- Alternaria leaf spot (blight): This fungal disease is caused by high humidity, high temperatures, and overhead watering. Small, yellow-brown spots appear on the oldest leaves first. As the lesions spread, leaves begin to curl and eventually die. Prevent this by making sure to rotate cantaloupe and other cucurbits regularly and by clearing garden debris each year. Make sure to water using a soaker hose, drip irrigation, or near the base if hand watering.
- Powdery mildew: This fungal disease will show up with small, dusty white lesions on the leaves of the cantaloupe plant. A cantaloupe plant will continue to produce with powdery mildew—but it will eventually prevent the plant from producing as vigorously as a plant without an infection. Catch it early enough, and you can treat powdery mildew with organic fungicides like a copper fungicide or a DIY mix. For the DIY mix, combine one tablespoon baking soda and one-half teaspoon of liquid soap with one gallon of water, and spray the mixture liberally on the plants. To prevent, make sure plants are well spaced out with good air circulation. Make sure you clear plant debris from the garden each year.
For more information about fungal and bacterial diseases that impact cantaloupe plants, we recommend checking out this article from Penn State University.
Eek! The leaves on my cantaloupe plant are wilted.
Wilted leaves are typically a sign of a thirsty plant! It is not unusual for the leaves of melon plants to wilt slightly in the heat of the afternoon summer sun. Check on them the next morning—if the leaves have perked back up, no need to water. If they are still wilted, give them a good drink.
Help! The end of my fruits are yellow or brown and soft.
Sounds like you have blossom end rot! This happens when the melon is deprived of calcium during development. Once you have blossom end rot, there is nothing you can do to save the melon, but you can prevent it in the future.
To prevent blossom end rot, you want to both make sure the calcium levels in your soil are adequate through regular soil testing and make sure you improve the methods through which plants uptake calcium. Namely: keep your cantaloupe plants evenly watered. Calcium is distributed through a plant through water, if there isn’t enough water, calcium has a hard time reaching the bottom of the melon—causing blossom end rot.
Why are my plants not producing fruit?
Typically when a cantaloupe plant doesn’t produce fruits (or produces small fruits that shrivel up and die before developing fully), it’s a pollination problem. While cantaloupes are self-pollinating—meaning they have both male flowers and female flowers on the vine, if you don’t have many bees or other pollinators to spread the pollen, you’re out of luck!
For the long-term, we recommend increasing pollinator activity by planting lots of pollinator-friendly plants in your garden. For the short-term, you might need to hand pollinate your cantaloupe vines. To do this:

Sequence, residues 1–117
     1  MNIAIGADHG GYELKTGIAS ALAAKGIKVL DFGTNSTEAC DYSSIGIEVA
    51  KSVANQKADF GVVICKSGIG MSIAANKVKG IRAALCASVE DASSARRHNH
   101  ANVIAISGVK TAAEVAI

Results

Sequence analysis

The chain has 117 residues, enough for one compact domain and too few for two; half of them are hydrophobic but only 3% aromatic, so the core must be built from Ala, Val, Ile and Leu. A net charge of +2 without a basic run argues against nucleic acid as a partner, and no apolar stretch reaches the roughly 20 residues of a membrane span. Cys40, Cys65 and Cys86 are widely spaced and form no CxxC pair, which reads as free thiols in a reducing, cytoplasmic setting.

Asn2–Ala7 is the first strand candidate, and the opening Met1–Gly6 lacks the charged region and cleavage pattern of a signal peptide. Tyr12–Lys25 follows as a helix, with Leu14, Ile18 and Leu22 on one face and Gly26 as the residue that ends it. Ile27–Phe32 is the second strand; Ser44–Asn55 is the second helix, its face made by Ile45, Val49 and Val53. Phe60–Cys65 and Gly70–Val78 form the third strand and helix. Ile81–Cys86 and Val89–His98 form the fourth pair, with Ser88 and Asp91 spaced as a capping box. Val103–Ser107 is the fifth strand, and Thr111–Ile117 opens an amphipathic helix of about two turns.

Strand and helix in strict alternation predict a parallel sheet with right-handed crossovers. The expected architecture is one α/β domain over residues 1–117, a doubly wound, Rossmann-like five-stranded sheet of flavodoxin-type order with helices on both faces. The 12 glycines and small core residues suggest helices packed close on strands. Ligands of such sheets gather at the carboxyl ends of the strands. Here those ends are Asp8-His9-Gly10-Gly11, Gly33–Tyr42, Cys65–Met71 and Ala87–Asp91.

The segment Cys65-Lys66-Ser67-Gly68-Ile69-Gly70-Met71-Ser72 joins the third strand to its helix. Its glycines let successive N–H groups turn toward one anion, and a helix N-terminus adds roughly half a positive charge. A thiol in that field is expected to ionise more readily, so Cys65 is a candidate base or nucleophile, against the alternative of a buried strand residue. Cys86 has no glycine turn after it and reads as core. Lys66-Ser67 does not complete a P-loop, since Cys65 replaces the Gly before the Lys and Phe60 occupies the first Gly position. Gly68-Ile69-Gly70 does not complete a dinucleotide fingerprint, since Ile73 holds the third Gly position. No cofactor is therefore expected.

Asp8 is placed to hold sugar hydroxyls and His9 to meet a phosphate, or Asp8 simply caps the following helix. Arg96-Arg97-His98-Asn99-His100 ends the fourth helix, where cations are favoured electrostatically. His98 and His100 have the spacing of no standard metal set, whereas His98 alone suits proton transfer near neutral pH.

- Carefully remove a male flower from the plant. Male flowers have a stamen, which is a pollen covered stalk in the center of the flower.
- Strip away the petals of the male flower so that only the stamen is left.
- Find a female flower—they will sit atop an immature, tiny melon. Insert the stamen from the male flower into an open female flower and gently tap the stamen on the stigma (a small, sticky knob in the female flower).
- Try to coat the stigma with as much pollen as possible. As long as there is pollen left on the stamen, you can use the same male flower several times on other female flowers.
Why are my cantaloupes not sweet?
The number one reason people don’t have sweet cantaloupe—they are harvesting them too early! Cantaloupes tell you when they are ready by “slipping” off the vine. A light touch where the stem meets the fruit, and a ripe cantaloupe will slip right off the stem. This is called “full slip.” Once your cantaloupe has full netting on the rind, check it daily for slip by lightly tugging on the stem—one day it’ll pop right off, and you’ll have a sweet and tasty cantaloupe!
- Cantaloupe seeds or seedlings
- Organic mulch
- Watering system (drip irrigation, soaker hose, watering can...whatever you typically use)
- Cantaloupe growing guide
- Choose the right kind of melon: Be sure to read up on the variety of cantaloupe you choose. Some work better for shorter growing seasons than others, some have more disease resistance, and some are easier to grow in containers or raised beds. Figure out what will work best in your garden.
- Don't set your plants out too early. The soil should be around 70°F before you put in your cantaloupe plants or seeds—7 or more days past your area's last frost date should be safe. Seeds should be planted 1/2" deep.
- Plant cantaloupe next to strong scents. "Smelly" plants like marigolds, onions, garlic, or mint will help repel bugs that like to munch on melon plants.
- Give them enough water. Growing juicy fruits requires a lot of water—your plants will need about an inch of water per week. Avoid getting the leaves wet during humid weather to avoid powdery or downy mildew.
- Put down a layer of mulch. Straw, pine shavings, or another organic mulch will help the soil retain all that water you're giving your plants, and will keep the soil nice and warm.
- Don't harvest too early. Wait until your cantaloupe has a full netted texture on the outside and easily comes off the vine before harvesting. If you have to tug on it, it's not ready yet!